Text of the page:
A Healthy Mouth Means A Healthy Body

A healthy mouth means a healthy body

A healthy mouth means a healthy body explains why good oral hygiene helps the body and how what you eat affects your oral health. Losing your teeth is not the only price for a lack of good oral hygiene because the costs are not limited to your mouth. For instance, diabetes may be harder to manage if oral health is neglected for a long time. In other words, there is a link that good oral health can improve diabetes. Read A healthy mouth means a healthy body to find out how gum disease can emanate from poor oral hygiene. And how what you eat affects your oral health.

Gum disease

a healthy mouth means a healthy body

Three in four adults have at least mild gum disease. More severe gum disease may affect as many as 30%. Adolescents often have gum disease due to a combination of raging hormones and negligent oral hygiene. Add an unhealthful habit, and the chances of oral health problems worsen still.

A study also found an increase in gum disease in young adults who were heavy users of marijuana. But regardless of severity, gum problems can be quite silent. That is pain is minimal while bleeding or reddened gums may be the only sign. Yet disregarding oral health could have serious overall repercussions. This is where the reality of a healthy mouth means a healthy body becomes significant. For example, research suggests that gum problems trigger bacterial infections and make blood sugar more difficult for diabetics to control. Equally, diabetes can cause or worsen gum disease. It’s simply a two-way street. Furthermore, oral bacteria found in arteria plaque induces a process that leads to blood clots and stroke confirming the mouth-body connection.

Diabetes Link To Oral Health Problems

Those at risk of gum disease

Post-menopausal women

Getting on in years also escalates the risk. A shift in hormones puts post-menopausal women at risk of osteoporosis, which may raise the chances of developing gum disease. Entering menopause with pre-existing gum disease may speed the destruction of the jawbone, making implants and other repairs more challenging. Old age may bring arthritis and lessened dexterity with floss and toothbrush. But losing teeth is no longer a foregone conclusion. However, visits to the dentist most likely need to increase.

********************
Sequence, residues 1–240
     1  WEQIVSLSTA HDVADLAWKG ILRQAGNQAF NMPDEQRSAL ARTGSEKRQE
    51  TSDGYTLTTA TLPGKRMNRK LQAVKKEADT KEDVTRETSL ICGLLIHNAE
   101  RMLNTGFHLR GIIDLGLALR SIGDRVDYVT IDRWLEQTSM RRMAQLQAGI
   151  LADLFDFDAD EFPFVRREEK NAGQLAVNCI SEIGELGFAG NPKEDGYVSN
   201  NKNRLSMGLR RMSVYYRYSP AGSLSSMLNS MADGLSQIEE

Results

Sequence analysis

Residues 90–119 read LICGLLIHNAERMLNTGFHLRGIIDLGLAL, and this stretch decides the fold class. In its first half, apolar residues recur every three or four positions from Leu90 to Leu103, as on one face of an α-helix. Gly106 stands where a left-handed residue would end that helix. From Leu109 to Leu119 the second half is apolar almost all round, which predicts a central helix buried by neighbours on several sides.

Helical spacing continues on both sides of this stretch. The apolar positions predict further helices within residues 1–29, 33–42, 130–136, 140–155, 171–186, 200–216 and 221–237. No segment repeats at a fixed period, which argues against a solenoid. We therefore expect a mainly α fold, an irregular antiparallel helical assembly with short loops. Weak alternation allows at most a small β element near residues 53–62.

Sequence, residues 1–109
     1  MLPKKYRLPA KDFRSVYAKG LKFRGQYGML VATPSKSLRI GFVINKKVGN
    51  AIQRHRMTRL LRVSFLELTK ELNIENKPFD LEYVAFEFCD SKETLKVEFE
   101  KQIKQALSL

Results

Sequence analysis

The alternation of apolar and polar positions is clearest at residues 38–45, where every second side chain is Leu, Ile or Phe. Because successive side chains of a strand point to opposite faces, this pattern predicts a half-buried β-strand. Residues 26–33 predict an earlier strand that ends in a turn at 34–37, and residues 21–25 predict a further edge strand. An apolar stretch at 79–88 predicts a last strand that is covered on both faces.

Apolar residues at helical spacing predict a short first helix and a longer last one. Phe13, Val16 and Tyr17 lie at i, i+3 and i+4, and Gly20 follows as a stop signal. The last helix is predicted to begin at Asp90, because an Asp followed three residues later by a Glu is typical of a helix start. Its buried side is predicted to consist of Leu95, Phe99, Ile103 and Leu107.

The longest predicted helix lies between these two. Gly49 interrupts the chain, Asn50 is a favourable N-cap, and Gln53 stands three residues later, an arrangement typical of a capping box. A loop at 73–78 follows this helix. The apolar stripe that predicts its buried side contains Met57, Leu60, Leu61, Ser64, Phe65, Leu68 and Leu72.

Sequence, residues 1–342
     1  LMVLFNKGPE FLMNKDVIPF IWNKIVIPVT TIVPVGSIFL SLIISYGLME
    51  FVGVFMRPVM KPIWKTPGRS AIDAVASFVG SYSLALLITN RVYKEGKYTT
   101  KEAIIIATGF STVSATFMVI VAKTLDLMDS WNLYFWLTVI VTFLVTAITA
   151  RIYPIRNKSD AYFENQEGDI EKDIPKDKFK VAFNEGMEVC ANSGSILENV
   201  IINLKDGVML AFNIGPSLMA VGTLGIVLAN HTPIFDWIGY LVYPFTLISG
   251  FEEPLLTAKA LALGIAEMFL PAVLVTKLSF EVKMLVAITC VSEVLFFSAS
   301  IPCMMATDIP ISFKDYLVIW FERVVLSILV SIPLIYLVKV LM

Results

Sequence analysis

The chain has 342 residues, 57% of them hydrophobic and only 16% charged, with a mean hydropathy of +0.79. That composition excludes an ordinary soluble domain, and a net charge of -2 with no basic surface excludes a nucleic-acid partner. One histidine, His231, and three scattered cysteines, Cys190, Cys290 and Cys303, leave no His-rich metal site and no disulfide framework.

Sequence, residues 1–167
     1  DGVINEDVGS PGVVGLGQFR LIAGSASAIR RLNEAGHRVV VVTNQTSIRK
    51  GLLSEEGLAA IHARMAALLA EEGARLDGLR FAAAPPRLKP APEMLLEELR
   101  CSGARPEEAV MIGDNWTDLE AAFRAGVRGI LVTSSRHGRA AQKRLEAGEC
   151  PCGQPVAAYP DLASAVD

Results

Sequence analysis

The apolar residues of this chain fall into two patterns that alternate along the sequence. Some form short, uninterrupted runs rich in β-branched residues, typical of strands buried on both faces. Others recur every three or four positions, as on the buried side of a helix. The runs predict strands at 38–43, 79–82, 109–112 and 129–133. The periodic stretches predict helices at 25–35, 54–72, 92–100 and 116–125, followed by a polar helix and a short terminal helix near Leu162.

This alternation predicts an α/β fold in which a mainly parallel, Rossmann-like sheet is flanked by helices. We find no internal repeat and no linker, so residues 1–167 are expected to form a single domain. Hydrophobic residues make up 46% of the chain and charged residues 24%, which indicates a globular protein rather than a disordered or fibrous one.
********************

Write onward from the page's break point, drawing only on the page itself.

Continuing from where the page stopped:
Pregnancy

Pregnancy may introduce pitfalls, too. If you are thinking of becoming pregnant or if you are pregnant, be sure you have no oral infection.  About half of the expectant mothers develop gum disease, due in part to hormones. Research suggests that having gum disease makes a pregnant woman several times more likely to deliver a preterm, low-birth-weight baby. High levels of a labor-inducing chemical associated with severe gum disease, may be to blame. Deep cleanings, known as scaling and root planning, for women with severe gum diseases, may reduce premature and low birth weight in such women.

How What You Eat Affects Your Oral Health

a healthy mouth  means a healthy body

Your mouth can say a lot about what you are eating, and your dentist may be the first person to spot potential nutritional imbalances.  Nutritional deficiencies result when there is an imbalance between what the body needs and what it is getting. And those imbalances are particularly reflected in the oral cavity, where soft tissue renews very quickly-often as little as three to seven days. The sensitivity of oral tissue can be particularly telling regarding deficiencies in folic acid, zinc, and iron, which can show up as gum disease. Other conditions, such as diabetes and infection can also show symptoms in the mouth. And since a healthy mouth means a healthy body, your dentist may be the first member of your healthcare team to notice potential nutritional problems. Therefore, it’s important to keep your doctors well informed on medical histories, lifestyle, and eating habits in order to identify any risks.

Importance of a balanced diet

a healthy mouth means a healthy body

Nutritional deficiencies limit the body’s ability to fight disease, and in many cases, the mouth is the first line of defense. Healthy gum tissue and saliva are crucial in fending off invading pathogens. You can improve your oral health and reduce the risk of gum disease by eating a balanced diet. This means eating a variety of foods from the five food groups: grain, fruit, vegetables, milk, and meat. Also, vitamin and mineral supplements can help preserve oral health and boost overall health and well-being. For example, minerals vital to good oral health include zinc, phosphorous, potassium, magnesium, iron, iodine, fluoride, and copper. Likewise, milk, which contains high levels of calcium, is important for oral health and strong teeth and bones.

https://www.who.int/news-room/fact-sheets/detail/oral-health

Photo Credit: Creative Commons

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